Rising prices for solar modules could disrupt the Business and Economy News sector


A key selling point that made solar energy the fastest growing energy source in the world (costs are falling rapidly) has affected speed.

Solar module prices have risen 18% since the beginning of the year after falling 90% in the previous decade. Investment, driven by a quadrupling of the cost of key commodity polysilicon, threatens to delay projects and curb solar energy capture just as several major governments are putting their weight behind in an effort to curb change climate.

“Solar disruption hasn’t been that bad in more than a decade,” said Jenny Chase, chief analyst at BloombergNEF’s clean energy research group. “Developers and governments will have to stop waiting for solar power to go down much faster.” BNEF slightly lowered its solar accumulation forecast this year in a report last week, citing rising material prices, including polysilicon as a reason.

Higher prices affect demand and may delay some large-scale projects, panel maker Canadian Solar Inc. said Thursday. In India, about 10 gigawatts of projects could be affected, which equates to more than a quarter of the country’s current capacity, according to Mint, which cites unnamed developers. Large-scale projects in the United States could also be postponed, analysts at Cowen & Co. said.

According to Xiaojing Sun, an analyst at Wood Mackenzie Ltd., projects that have not signed price agreements with energy-buying utilities could be delayed unless the customer is willing to pay a higher tariff for electricity.

For the solar industry, the timing couldn’t be worse. Renewable energies finally have a champion in the White House and ambitious climate targets have been announced across Europe and Asia.

At the heart of the crisis is polysilicon, an ultra-refined form of silicon, one of the most abundant materials on Earth commonly found in beach sand. As the solar industry prepared to meet the expected increase in demand for modules, polysilicon manufacturers were unable to keep up. According to PVInsights, prices of purified metalloid have reached $ 25.88 per kilogram, up from $ 6.19 less than a year ago.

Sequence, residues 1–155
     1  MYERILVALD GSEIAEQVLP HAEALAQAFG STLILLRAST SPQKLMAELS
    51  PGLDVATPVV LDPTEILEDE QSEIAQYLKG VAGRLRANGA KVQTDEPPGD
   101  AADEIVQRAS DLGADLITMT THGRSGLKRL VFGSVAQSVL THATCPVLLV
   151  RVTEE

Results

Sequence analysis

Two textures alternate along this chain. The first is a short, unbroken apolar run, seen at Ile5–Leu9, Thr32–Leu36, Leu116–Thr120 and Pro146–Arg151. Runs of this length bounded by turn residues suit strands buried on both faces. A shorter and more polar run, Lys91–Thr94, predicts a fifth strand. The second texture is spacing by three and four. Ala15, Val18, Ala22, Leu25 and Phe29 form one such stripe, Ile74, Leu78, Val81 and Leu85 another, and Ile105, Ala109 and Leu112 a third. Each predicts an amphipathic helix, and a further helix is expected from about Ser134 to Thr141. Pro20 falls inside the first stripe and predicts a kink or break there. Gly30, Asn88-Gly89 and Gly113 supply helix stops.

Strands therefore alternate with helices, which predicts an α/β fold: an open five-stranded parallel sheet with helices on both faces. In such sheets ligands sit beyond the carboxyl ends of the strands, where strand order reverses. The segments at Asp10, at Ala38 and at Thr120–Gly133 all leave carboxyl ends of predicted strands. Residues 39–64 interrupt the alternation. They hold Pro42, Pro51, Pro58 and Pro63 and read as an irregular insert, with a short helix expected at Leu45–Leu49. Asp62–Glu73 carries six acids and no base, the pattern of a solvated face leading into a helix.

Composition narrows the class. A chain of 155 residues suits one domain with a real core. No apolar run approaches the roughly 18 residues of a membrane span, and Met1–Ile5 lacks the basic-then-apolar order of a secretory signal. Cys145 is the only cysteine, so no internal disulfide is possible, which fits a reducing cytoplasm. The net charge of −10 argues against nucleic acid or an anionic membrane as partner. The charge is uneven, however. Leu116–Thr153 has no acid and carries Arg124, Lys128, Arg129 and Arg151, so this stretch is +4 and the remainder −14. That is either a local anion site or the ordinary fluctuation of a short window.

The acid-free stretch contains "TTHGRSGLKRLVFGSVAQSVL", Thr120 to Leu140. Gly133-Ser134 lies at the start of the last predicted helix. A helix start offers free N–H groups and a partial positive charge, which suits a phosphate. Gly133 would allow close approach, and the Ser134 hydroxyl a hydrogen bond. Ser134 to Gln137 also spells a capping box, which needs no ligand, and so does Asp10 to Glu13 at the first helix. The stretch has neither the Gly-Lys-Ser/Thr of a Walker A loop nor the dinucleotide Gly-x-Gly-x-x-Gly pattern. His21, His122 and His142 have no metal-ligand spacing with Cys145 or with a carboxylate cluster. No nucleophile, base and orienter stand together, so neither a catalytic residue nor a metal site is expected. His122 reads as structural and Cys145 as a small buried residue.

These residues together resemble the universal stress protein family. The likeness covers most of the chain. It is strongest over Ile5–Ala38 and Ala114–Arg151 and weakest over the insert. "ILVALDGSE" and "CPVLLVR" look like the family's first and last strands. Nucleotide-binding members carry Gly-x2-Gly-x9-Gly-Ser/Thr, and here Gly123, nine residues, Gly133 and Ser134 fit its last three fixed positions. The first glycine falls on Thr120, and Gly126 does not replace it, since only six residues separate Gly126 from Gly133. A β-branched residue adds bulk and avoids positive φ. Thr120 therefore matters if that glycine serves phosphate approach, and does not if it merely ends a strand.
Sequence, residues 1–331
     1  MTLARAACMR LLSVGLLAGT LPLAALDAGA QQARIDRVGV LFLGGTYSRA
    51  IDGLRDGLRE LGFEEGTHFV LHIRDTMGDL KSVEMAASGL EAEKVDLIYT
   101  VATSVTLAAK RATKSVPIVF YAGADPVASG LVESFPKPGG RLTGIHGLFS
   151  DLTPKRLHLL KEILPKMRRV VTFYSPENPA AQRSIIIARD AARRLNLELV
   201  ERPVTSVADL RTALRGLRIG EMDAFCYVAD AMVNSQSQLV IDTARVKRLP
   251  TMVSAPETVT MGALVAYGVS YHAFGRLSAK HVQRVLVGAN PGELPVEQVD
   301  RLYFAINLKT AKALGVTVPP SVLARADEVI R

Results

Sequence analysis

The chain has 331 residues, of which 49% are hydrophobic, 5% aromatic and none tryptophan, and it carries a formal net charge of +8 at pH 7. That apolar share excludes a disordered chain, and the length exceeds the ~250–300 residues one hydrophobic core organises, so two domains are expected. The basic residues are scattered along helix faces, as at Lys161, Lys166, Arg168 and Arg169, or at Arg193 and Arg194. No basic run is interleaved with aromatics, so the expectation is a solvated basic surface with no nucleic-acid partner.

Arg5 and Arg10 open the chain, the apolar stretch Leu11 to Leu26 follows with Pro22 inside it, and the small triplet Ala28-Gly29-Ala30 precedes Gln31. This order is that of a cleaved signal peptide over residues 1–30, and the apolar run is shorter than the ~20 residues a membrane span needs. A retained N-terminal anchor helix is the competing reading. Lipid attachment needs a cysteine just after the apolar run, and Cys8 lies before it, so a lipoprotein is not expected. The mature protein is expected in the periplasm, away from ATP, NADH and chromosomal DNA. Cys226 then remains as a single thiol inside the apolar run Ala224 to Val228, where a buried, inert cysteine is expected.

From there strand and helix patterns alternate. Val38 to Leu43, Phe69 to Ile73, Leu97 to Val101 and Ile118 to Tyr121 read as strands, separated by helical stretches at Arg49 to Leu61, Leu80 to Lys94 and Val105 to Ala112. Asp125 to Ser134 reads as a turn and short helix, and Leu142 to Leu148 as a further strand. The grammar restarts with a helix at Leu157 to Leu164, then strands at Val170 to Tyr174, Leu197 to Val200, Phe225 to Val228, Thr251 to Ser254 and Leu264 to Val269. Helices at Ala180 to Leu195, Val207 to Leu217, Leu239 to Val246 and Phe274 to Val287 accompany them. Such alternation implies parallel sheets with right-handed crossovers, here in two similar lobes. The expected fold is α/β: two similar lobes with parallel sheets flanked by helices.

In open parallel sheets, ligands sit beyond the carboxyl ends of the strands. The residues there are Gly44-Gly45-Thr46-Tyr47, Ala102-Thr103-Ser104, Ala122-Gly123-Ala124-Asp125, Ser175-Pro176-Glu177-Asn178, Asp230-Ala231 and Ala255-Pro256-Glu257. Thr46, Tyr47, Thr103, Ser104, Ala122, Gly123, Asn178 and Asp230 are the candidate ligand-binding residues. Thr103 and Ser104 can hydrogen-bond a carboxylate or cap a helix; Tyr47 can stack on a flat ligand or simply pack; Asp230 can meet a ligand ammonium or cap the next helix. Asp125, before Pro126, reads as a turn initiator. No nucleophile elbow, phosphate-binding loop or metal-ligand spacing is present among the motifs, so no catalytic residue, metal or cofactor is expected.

According to analysts at Roth Capital Partners, including Philip Shen, polysilicon prices are expected to remain until the end of 2022.

And the problem is not limited to polysilicon. The solar industry faces “widespread supply chain cost challenges,” panel maker Maxeon Solar Technologies Ltd. said in April.

Solar panels are made from heated and purified sand to ultraconductor polysilicon ingots that are cut into thin wafers, connected to cells, and mounted on roof-mounted panels and cover extensive fields.

Prices for steel, aluminum and copper, as well as transport costs, are also rising. Solar microinverter supplier Enphase Energy Inc. said it expects its shipping volumes to be limited by the availability of semiconductor components.

“Downstream of polysilicon, it’s very painful,” Canadian Solar Vice President Xiong Haibo said at a conference in China, according to the Solarbe industry publication. “Currently, none of the later companies are profitable and they all reduce production.”

However, the brunt of the long-term downward trend in costs is partly offset by a continuous improvement in the efficiency of solar panels, said Nitin Apte, CEO of Vena Energy Pte., One of the major operators independent renewable energy companies in Asia-Pacific. . The company does not anticipate delays this year in its solar projects in Japan, Taiwan, Australia and India.

“I see it as a short-term situation, and some projects could be seen to affect our contingencies,” Nitin said in an interview at his Singapore office. “We are not stopping construction. We block orders at the best prices we can get. “

In the longer term, the shortage favors the construction of new polysilicon factories, including this month’s announcement of what would be the world’s largest facility in China.

“It is to be expected that any material that has the type of growth that polysilicon has had will continue to have injection capacity into the system,” said Nitin of Vena. “The challenge is to synchronize that capacity perfectly for growth.”

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